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Your Wednesday Night In...

Your Wednesday Night In… September 1970


Wednesday, 2nd September 1970

PICK OF THE DAY

5.20pm ACE OF WANDS, ITV
Purloining its title from an old Doctor Who story (note podcasters they are *stories* not *episodes*), “The Mind Robbers” episode three takes us back to an era when hypnosis was a legitimate plot device. Alas, much like quicksand, twins and split personalities, mind control has long since been banned from the big book of TV plot devices. Talking of Doctor Who, as we were a  couple of sentences ago, the adulty nature and sheer panaché of Ace of Wands seems remarkably (but presumably, coincidentally) tonally consistent with the style of adventuring that was offered up by Jon P’twee over on BBC1.

ALSO SHOWING:

7.30pm CORONATION STREET, ITV
In between its 1000th episode and 10th anniversary, Corrie was struggling production-wise (due to industrial action, the introduction of a new producer and the death of Arthur “Jack Walker” Leslie), but on screen  it was enjoying a bit of a resurgence after suffering from declining audiences every year since 1964. That said, not a whole lot happened in this episode, beyond Ken Barlow being mocked for liking books and a complicated, low-powered plotline featuring Stan Ogden and a greyhound.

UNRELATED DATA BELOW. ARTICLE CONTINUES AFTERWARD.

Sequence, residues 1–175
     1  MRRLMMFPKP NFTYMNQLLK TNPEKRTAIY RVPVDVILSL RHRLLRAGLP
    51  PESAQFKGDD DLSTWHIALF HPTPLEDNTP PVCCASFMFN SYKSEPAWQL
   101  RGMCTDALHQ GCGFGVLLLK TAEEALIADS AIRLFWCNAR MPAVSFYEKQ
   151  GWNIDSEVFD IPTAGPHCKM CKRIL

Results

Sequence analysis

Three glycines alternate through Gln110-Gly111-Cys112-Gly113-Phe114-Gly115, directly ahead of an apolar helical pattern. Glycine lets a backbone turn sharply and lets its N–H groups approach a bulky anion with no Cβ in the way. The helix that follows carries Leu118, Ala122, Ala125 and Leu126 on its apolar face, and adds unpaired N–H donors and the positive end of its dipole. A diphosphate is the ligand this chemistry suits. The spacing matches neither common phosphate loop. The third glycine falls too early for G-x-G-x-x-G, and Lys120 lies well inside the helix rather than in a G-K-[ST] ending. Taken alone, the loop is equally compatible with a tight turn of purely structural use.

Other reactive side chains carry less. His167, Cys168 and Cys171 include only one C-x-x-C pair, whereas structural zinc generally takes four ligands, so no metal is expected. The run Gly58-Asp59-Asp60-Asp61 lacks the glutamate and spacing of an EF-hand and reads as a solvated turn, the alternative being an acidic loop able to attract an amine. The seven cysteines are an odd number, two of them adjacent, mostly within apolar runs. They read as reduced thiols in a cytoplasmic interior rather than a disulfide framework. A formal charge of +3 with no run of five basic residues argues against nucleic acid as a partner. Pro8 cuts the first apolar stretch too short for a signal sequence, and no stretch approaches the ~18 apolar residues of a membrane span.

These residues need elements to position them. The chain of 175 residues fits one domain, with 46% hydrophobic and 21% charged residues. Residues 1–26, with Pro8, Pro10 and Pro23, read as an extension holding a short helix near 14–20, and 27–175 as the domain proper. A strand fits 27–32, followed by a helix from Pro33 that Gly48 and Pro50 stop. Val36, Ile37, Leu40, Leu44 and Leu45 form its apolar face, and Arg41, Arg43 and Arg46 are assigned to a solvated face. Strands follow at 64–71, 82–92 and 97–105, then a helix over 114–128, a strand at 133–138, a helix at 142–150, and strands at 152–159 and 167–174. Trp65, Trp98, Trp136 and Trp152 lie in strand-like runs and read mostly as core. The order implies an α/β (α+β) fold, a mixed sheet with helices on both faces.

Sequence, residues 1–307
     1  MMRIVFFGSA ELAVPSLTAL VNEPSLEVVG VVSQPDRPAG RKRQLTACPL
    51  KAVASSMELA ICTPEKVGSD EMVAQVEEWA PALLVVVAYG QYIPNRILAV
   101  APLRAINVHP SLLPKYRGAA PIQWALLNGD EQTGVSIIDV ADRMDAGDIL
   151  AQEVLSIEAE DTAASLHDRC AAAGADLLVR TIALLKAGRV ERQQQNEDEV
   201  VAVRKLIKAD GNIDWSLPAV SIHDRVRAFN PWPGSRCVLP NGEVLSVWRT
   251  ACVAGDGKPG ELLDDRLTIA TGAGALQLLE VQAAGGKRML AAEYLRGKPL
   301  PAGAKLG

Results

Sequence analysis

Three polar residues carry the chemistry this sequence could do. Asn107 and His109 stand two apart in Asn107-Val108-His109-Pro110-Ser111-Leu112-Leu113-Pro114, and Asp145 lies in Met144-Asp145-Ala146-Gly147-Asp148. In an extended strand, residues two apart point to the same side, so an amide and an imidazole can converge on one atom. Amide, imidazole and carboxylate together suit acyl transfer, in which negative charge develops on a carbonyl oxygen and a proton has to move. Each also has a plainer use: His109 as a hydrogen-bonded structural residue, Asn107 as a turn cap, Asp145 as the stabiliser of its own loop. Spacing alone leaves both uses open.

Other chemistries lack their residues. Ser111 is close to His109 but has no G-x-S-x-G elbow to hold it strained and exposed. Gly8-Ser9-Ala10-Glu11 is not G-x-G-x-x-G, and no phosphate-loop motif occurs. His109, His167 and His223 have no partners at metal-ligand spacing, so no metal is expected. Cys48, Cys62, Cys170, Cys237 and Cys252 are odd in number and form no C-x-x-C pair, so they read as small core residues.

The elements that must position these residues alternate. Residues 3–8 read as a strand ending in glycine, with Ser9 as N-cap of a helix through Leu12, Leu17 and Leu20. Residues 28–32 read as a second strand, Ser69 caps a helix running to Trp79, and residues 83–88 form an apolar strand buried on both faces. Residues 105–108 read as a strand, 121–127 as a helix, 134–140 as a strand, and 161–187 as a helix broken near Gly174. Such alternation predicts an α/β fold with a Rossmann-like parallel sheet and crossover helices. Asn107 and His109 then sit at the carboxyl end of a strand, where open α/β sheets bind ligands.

11pm PROFESSIONAL WRESTLING, ITV
The TV Times billing for this episode says it all: “Commentator Kent Walton is back at the ringside in Lewisham Concert Hall to describe the grunt-by-groan action of two top bouts. At heavyweight, Roy St Clair of Redruth joins battle with Hungary’s Tibor Szakacs; while at catchweight, British Welterweight Champion Brian Maxine from Ellesmere Port attempts to dispose of Johnny Kwango from Lagos.” A grannies’ paradise…

2 Comments

2 Comments

  1. THX 1139

    September 5, 2018 at 10:47 am

    Hypnosis is still a valid plot device: just ask Derren Brown.

  2. Glenn Aylett

    September 7, 2018 at 2:24 pm

    Coronation St wasn’t the all conquering ratings topper in the seventies either. BBC One on Monday nights quite often put a strong imported series like The Rockford Files, which could draw in 10 million viewers, and at one stage the soap had fallen to twelfth in the ratings and seemingly in 1973 there was talk of it being cancelled as Granada thought it was coming to the end of its shelf life. However, the soap’s big fanbase in the North made sure Coronation St survived.

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